Home Office urged to waive £18,000 visa fee for Ukrainian orchestra to perform at BBC Proms
The Home Office has been asked to waive visa fees for a Ukrainian orchestra facing £18,000 fees to perform at the BBC Proms and the Edinburgh Festival.
The Ukrainian Freedom Orchestra, which includes refugee musicians fleeing Vladimir Putin’s war, faces a battle to secure funds for the visas required to play at a series of major cultural events in the UK later this summer.
Orchestra members will need a Tier 5 Creative Worker Visa to perform in the UK at a cost of £259 per person. As the band need some 70 visas to perform, they face a cumulative bill of over £18,000.
A Home Office spokesperson told The Standard they would ‘discuss options’ with the orchestra on how they could enter the UK.
The orchestra, led by Ukrainian-Canadian conductor Keri-Lynn Wilson, includes musicians from some of Ukraine’s leading classical music groups. They will begin a European tour in Warsaw on July 28 before performing at the Proms on July 31 and the Edinburgh Festival on August 6.
Mark Pemberton, chief executive of the Association of British Orchestras, said it would be “morally repugnant” if the orchestra had to pay and called on the government to grant them an exemption.
“The Orchestra just doesn’t have the funds. There are fantastic venues ready to host these concerts but the money is not there to pay for visas,” he told Standard.
“These are people who had to leave their country. They are refugees but they come as ambassadors of their country, to raise awareness of the war.
Mr Pemberton, who provides logistical assistance to the group, said ministers could waive the visa requirement on an “exceptional” basis, allowing the orchestra to enter the country free of charge.
“It could be good news that the government could be credited with, so we ask them to help this orchestra to come and perform,” he added.
“It would be a wonderful gesture…but the irony is that our European colleagues have already done it.”
The Ukrainian Ministry of Culture has already granted a special combat exemption to male members of orchestras who are of serving age.
The orchestra also received public support from Ukraine’s Culture Minister Oleksandr Tkachenko, who said his country’s art “is original and deserves to be the center of attention abroad”.
Labor MP Barbara Keeley, shadow minister for arts and civil society, said the fee was “absurd” because the orchestra was to perform for free in France, Germany and the Netherlands.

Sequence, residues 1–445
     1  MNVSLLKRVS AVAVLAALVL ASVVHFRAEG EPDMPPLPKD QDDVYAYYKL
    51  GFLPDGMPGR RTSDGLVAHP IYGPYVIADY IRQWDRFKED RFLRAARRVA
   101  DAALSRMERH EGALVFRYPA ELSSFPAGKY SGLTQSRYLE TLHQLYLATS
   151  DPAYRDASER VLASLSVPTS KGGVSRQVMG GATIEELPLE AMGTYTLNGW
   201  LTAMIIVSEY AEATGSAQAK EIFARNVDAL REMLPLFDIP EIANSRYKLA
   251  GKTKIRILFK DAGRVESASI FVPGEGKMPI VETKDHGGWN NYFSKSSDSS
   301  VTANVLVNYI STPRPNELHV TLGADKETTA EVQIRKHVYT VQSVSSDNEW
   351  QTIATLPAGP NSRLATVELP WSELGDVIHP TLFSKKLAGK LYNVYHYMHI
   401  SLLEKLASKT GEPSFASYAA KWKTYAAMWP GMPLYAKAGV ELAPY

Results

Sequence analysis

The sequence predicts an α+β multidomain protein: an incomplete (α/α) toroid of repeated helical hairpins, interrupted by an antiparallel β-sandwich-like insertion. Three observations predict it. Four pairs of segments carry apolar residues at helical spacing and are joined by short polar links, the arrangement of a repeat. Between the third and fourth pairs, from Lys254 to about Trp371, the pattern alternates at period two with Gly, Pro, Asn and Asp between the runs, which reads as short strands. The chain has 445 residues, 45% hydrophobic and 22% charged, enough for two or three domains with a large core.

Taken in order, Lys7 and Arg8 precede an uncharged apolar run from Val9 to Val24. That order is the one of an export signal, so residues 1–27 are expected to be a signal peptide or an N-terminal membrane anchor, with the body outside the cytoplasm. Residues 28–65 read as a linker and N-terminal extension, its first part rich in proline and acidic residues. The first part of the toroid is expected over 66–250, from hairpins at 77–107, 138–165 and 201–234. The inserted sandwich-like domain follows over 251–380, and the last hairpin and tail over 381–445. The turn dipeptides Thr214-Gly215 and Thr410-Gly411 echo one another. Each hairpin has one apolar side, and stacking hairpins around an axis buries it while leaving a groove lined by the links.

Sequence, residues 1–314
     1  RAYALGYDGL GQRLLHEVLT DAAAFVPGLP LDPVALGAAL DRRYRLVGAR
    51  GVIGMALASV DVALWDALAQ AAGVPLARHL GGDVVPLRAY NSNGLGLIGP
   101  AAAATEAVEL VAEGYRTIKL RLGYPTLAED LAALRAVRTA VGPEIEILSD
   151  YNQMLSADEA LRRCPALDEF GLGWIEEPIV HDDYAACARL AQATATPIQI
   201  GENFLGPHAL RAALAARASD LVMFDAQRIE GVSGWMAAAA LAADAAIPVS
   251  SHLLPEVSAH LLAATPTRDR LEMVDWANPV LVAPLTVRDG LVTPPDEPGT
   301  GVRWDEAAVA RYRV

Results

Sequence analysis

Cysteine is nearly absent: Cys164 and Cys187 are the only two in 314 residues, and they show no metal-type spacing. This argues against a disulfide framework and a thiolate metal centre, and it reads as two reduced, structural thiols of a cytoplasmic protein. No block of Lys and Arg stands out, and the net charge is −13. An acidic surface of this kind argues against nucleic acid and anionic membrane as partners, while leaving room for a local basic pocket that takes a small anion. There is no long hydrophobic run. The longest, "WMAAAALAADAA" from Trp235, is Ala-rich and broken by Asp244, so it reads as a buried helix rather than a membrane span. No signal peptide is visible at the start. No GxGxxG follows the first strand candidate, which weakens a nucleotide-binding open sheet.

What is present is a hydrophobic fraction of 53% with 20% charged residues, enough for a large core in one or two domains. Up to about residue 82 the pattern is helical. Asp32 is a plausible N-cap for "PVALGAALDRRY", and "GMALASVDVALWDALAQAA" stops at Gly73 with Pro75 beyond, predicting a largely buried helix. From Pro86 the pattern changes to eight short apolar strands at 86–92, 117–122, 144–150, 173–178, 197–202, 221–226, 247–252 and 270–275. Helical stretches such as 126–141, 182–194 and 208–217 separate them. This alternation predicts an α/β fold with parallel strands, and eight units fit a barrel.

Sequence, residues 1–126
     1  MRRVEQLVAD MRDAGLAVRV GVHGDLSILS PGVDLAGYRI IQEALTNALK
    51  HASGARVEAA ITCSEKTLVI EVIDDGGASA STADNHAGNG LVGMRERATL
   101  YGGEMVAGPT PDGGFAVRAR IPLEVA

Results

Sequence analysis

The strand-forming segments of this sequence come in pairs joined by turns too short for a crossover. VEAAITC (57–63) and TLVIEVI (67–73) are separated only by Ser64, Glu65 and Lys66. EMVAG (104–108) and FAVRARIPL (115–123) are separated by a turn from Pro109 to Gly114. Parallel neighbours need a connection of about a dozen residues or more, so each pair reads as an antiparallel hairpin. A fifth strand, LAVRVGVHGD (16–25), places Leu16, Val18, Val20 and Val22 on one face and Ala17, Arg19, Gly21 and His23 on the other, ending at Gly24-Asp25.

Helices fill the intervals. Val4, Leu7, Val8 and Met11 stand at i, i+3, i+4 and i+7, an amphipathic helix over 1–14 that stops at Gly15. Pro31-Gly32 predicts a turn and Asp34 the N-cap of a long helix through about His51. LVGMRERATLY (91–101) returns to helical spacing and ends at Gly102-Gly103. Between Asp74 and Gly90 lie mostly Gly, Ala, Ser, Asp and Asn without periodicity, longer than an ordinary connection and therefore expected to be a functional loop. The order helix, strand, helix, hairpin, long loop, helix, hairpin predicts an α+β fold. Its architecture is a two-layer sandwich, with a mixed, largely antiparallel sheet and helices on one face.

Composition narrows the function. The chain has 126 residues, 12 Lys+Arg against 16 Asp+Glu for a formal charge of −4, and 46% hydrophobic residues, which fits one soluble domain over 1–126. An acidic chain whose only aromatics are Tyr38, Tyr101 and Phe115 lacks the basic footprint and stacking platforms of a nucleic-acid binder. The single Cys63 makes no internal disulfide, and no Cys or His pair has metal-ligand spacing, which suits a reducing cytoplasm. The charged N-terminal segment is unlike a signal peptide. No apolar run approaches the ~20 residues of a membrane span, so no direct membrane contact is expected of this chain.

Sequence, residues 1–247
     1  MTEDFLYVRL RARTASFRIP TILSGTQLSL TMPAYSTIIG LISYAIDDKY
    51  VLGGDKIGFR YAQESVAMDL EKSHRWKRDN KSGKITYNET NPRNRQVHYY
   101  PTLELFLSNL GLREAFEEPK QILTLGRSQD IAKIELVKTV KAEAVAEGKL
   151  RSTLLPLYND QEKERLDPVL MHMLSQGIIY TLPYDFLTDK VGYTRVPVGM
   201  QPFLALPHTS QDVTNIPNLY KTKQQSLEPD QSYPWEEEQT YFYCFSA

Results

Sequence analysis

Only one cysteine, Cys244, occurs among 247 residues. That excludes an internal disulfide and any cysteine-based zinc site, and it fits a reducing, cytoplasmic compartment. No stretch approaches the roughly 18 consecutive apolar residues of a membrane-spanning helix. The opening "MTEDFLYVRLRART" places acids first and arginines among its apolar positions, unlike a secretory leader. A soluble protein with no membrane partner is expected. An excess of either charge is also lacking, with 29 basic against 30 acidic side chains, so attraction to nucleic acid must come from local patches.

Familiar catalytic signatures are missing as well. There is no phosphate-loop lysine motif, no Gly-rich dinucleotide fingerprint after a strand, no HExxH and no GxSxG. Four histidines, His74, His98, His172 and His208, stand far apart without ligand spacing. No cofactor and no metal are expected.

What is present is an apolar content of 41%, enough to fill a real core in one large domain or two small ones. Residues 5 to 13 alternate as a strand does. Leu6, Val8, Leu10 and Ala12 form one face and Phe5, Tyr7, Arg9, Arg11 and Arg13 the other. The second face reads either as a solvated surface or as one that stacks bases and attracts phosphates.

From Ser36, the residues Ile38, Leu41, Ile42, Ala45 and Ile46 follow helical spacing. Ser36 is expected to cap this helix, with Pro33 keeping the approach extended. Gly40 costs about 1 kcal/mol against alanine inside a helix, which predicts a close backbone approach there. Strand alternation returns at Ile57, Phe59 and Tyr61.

“This orchestra didn’t have the normal flow of funds as a result of the war,” she told Standard. “We should do everything to bring Ukrainian musicians to this country and allow them to perform.”
Ms Keeley, MP for Worsley and Eccles South, wrote to the Home Office on May 31 about the delays but has yet to receive a response. She also raised the issue of the delays during Prime Minister’s Questions on Wednesday, but Boris Johnson told her to raise the matter with the Home Secretary.
“There must be a special exemption for these orchestras,” she said. “The point I made in the House of Commons that our EU neighbors have abolished visas. If Ukrainians want to go to Ireland they don’t need visas but they do need them to come in London.
“It’s good that we give Ukraine the support it needs militarily and in other ways, but it’s also important. We can do something about it – and it’s not a huge amount of money for the government to give up.
The BBC is supposed to film a segment involving the Ukrainian Freedom Orchestra for the Proms, but could face an “embarrassing” situation if it was unable to secure the visas, Ms Keeley said.
The Ukrainian Freedom Orchestra was created in collaboration with the Metropolitan Opera of New York and the Polish National Opera. All proceeds from the tour will be used to support Ukrainian artists.
A Home Office spokesperson said: “In response to Putin’s barbaric invasion, we have launched one of the fastest and largest visa programs in UK history, with over 120,000 visas issued for Ukrainians to live and work in the UK.
“Although we have not yet received an official application from the Ukrainian Freedom Orchestra, we are aware of this problem and, if they apply, we will discuss options with them and their British sponsors on how they apply to enter the UK for the events. In the question.”
The Edinburgh Festival has been contacted for comment.
The BBC declined to comment.